The program is designed very well for the teacher, the tutor. It’s just laid out perfectly.
Typically in our school we start in first grade working with them and we don’t get much farther than the second level, sometimes the third level because starting early seems to really help them often get over the hump and they don’t need more than that to keep up after that.
(Yvonne) So lets start with the word “natch”. Can you say it slowly?
(Student) N-a- ch…
(Yvonne) Good. And what are the sounds you hear in natch?
(Student) N, A, CH
(Yvonne) Good. Now pull down—How many tiles will you need?
(Yvonne) Teacher: Yes. So pull down three. Good. Are all the sounds different? Yes. So you need three different tiles. Very good. Now touch and say each sound.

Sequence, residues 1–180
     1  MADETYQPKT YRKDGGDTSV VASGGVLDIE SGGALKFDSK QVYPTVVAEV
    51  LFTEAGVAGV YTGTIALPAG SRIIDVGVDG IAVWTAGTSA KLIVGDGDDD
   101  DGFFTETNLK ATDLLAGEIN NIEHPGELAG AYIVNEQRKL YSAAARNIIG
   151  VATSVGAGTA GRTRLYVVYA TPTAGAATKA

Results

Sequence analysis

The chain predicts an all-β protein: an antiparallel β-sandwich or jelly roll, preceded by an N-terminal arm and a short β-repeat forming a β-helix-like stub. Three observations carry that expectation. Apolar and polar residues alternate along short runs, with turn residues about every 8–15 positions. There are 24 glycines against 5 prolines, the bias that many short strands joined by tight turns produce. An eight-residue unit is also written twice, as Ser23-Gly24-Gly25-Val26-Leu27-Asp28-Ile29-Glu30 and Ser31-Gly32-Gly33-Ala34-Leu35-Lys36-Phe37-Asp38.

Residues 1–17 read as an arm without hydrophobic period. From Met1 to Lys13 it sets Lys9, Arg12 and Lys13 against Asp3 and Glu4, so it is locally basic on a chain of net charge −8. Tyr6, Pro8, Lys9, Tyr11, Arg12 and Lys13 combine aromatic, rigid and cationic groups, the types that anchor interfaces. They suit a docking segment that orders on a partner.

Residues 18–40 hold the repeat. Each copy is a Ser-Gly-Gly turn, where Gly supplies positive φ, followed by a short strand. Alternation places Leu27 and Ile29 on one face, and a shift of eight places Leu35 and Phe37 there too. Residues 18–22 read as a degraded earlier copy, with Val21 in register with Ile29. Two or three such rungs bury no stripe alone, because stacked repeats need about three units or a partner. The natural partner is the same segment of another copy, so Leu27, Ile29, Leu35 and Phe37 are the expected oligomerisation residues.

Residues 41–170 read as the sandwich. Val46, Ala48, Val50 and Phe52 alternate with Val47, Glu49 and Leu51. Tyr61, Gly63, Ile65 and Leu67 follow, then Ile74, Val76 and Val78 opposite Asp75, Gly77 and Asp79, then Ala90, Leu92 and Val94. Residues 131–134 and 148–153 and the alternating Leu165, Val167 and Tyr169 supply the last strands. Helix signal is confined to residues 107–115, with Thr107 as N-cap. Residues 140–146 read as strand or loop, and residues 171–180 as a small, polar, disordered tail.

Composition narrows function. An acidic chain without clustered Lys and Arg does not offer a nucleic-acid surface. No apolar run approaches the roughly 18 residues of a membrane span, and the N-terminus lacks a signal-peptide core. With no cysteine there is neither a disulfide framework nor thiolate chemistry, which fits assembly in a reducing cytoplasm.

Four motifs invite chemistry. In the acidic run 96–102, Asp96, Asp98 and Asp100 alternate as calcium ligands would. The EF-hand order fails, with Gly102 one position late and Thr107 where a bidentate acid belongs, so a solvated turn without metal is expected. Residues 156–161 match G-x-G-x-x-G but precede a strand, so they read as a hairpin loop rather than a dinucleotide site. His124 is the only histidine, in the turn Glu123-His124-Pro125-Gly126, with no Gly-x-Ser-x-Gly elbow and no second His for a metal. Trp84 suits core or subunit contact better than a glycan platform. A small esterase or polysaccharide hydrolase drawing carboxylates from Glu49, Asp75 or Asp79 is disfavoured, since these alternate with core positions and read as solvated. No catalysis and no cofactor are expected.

(Student) N, A, CH
For the students—I think it is very helpful that the tiles are color-coded.
So the first level of Barton and you don’t work with letters at all. You just work with colored tiles to help them to see visually that each color of tile goes with the sound and that’s how words are put together with the different sounds. And the second level it goes to using tiles that have words (*letters) on and spelling with seeing the letters on each tile.
The vowels are yellow. The consonants are blue. Our unit sounds are red. So it will help them to be able to break apart words and to be able to figure out the tricky words. And they can decode them that way.
(Yvonne) These tiles have all the letters of the alphabet. What are these tiles up here?
(Student) They are the units.